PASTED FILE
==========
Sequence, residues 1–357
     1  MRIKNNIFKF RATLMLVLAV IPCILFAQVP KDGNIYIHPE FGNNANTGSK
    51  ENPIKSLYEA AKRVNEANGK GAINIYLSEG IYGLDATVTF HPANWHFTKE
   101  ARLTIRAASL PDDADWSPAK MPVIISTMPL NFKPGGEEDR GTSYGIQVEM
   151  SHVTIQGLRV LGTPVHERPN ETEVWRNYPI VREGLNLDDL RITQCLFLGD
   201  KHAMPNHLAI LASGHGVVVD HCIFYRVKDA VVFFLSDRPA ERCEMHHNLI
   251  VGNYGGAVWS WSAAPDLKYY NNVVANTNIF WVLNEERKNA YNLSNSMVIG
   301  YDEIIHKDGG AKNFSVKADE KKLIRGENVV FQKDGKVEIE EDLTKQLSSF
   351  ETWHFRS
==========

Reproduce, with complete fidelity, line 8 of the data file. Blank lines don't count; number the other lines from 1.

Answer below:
   301  YDEIIHKDGG AKNFSVKADE KKLIRGENVV FQKDGKVEIE EDLTKQLSSF